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Florida State shooter was well-liked but troubled

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Tallahassee police investigate a shooting outside the Strozier library on the Florida State University campus in Tallahassee, Fla. Thursday Nov 20, 2014. Officers shot and killed the suspected gunman police said. (AP Photo/Mark Wallheiser) Tallahassee police investigate a shooting outside the Strozier library on the Florida State University campus in Tallahassee, Fla. Thursday Nov 20, 2014. Officers shot and killed the suspected gunman police said. (AP Photo/Mark Wallheiser)
Police investigate a shooting at Strozier Library on Florida State campus on Thursday, Nov. 20, 2014, in Tallahassee, Fla. (AP Photo/Steve Cannon) Police investigate a shooting at Strozier Library on Florida State campus on Thursday, Nov. 20, 2014, in Tallahassee, Fla. (AP Photo/Steve Cannon)

TALLAHASSEE, Fla. (AP) — Authorities don't know why Myron May targeted his alma mater Thursday when he opened fire on students at Florida State University's library, but they do know he thought the government was watching him and out to get him.

Or, as Tallahassee Police Chief Michael DeLeo said, his sense of being was not normal.

"Mr. May had a written journal and videos where he expressed fears of being targeted and that he wanted to bring attention to this issue of targeting," DeLeo said. "Mr. May was in a state of crisis."

Police killed May, a 2005 graduate who later earned a law degree from Texas Tech University, early Thursday. Officers had responded to a 12:30 a.m. call about shots being fired at the library, where about 450 students were studying. When police arrived, May had wounded two students and an employee and reloaded a .380 semi-automatic pistol. He refused to put the gun down and they opened fire. More than 30 rounds were fired by May and the officers.

Police said May didn't get past the lobby, but the sound of gunfire set off screams among students, who scrambled for cover among the bookshelves and barricaded themselves in rooms.

One person was in critical condition at a local hospital. Another, library staffer Nathan Scott, in good condition at Tallahassee Memorial Hospital. A third person was treated and released.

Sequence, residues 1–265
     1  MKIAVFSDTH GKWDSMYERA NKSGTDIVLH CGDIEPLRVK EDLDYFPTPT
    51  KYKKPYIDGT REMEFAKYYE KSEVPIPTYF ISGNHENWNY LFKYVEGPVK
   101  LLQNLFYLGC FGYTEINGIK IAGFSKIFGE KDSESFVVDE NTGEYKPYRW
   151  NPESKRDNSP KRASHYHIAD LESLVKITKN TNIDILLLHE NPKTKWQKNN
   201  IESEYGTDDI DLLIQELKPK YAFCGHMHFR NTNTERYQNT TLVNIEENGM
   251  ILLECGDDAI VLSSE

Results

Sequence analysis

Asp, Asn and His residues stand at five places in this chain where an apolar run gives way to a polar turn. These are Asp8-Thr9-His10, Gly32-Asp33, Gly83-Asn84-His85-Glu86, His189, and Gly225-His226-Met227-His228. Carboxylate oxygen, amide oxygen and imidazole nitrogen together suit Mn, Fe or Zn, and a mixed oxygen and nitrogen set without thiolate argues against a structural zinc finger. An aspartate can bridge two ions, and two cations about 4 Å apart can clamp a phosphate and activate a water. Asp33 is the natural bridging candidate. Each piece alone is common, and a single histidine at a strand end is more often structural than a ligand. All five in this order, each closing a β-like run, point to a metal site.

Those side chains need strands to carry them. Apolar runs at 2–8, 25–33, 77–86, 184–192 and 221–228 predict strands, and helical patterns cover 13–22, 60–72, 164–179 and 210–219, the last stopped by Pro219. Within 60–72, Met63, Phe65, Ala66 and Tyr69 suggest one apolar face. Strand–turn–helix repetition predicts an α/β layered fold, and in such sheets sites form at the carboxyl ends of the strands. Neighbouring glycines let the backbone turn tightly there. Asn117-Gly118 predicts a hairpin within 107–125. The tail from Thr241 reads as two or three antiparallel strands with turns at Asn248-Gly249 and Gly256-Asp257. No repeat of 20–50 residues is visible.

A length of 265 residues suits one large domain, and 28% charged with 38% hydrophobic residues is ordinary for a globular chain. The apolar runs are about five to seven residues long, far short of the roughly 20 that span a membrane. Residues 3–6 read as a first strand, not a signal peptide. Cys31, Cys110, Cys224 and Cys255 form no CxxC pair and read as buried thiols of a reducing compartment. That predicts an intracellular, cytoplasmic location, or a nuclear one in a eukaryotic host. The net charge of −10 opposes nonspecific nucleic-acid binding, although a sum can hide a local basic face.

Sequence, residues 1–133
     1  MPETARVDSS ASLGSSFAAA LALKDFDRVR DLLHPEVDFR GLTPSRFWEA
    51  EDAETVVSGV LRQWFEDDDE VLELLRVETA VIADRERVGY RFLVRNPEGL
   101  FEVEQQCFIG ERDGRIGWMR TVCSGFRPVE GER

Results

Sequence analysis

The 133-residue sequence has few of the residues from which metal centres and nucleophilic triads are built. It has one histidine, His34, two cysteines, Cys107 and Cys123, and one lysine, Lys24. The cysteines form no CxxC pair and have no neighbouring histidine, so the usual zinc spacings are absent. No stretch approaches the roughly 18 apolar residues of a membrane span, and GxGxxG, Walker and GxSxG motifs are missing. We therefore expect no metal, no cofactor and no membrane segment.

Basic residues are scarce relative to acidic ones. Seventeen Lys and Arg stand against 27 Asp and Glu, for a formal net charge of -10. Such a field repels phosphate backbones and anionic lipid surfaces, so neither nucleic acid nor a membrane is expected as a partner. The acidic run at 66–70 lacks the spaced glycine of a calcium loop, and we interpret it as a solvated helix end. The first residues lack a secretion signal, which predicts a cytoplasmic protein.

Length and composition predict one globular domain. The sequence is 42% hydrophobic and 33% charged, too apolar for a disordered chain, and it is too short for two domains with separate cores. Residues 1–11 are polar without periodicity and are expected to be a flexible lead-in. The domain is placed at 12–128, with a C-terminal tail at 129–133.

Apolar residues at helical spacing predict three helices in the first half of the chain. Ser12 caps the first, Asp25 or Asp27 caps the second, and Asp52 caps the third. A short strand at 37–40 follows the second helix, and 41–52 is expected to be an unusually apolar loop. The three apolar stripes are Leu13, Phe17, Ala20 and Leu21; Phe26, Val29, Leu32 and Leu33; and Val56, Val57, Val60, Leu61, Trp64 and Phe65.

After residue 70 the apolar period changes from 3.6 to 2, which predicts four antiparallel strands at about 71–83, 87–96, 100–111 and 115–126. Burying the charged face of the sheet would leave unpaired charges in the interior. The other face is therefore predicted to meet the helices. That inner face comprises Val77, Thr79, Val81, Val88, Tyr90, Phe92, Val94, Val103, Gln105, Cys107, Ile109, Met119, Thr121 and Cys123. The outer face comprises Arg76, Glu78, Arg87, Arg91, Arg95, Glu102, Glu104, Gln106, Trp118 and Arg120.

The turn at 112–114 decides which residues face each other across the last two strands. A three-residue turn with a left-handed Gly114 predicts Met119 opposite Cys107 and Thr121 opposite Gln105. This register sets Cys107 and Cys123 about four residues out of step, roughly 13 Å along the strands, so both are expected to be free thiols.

Senior Jason Derfuss, 21, of Orlando, told the Tallahassee Democrat he heard gunfire as he left the library and saw a man fire at another person. Derfuss ran to his car and called 911 to report what he'd seen. After he got home, Derfuss dumped the contents of his backpack on the floor. He noticed several books were damaged, and then his roommate found a slug in the bag: a bullet had gone through a book about 14th-century philosopher John Wyclif.

"It was humbling to know that my life was in God's hands right there and he graciously spared me," Derfuss told the newspaper.

Friends called May sweet, smart and understated. May, 31, returned to Florida about three weeks ago, looking to get a new start in life.

"His fraternity nickname was 'Sensitive Joe' and it was fitting," said state Rep. Matt Gaetz, who belonged to the same Florida State political club as May. "I was so surprised that someone with this docile nature would have something happen in their lives that would have this outcome."

There were signs of problems before the shooting. Police in Las Cruces, New Mexico, said May was the subject of a harassment complaint last month after a former girlfriend called to report he came to her home uninvited and claimed police were bugging his house and car. Danielle Nixon told police May recently developed "a severe mental disorder."

"Myron began to ramble and handed her a piece to a car and asked her to keep it because this was a camera that police had put in his vehicle," a police report said.

Police were still going through May's journal, videos and social media posts, but it was clear something was wrong.

"Mr. May's sense of being and place in our community was not what most people would refer to as a normal," DeLeo said. "He had a sense of crisis and he was searching for something."

Abigail Taunton, who runs a foster home in the Florida Panhandle, let May stay in a guest house. She knew him as a teenager who moved to rural Wewahitchka in the Florida Panhandle to live with his grandmother after having problems with his parents in Ohio.

"We're just all astounded. We had no idea that he would do something like this," Taunton said. "Obviously, he was not in his right mind."

May was licensed to practice law in Texas and New Mexico and Taunton said he was preparing to take the Florida bar exam in February.

"He was having some financial issues and moved back home and decided he'd come back to Florida to work," she said. "My heart's broken. In a million years I wouldn't have thought he'd do something like this. He was struggling, having decided that what he was doing out there was not good. He had some issues and just decided he'd come home."

In New Mexico, Third Judicial District Attorney Mark D'Antonio said May worked for his office as a junior attorney from Jan. 18 until his unexpected resignation Oct. 6. He said he didn't know why May stepped down, leaving a formal resignation letter on his desk.

"He performed his job with great distinction," D'Antonio said at a news conference. "He was friendly and kind. Everyone liked him."

He did not have a criminal record with either Tallahassee police or the Leon County Sheriff's Office. Florida State police said they were called to his dorm room in 2002 after someone reported smelling marijuana, but officers didn't find any drugs and he wasn't arrested.

On Friday, classes were to resume and the library was to reopen.

___

AP writer Juan Carlos Llorca in Las Cruces, New Mexico, contributed to this report.

Copyright 2014 The Associated Press. All rights reserved. This material may not be published, broadcast, rewritten or redistributed.

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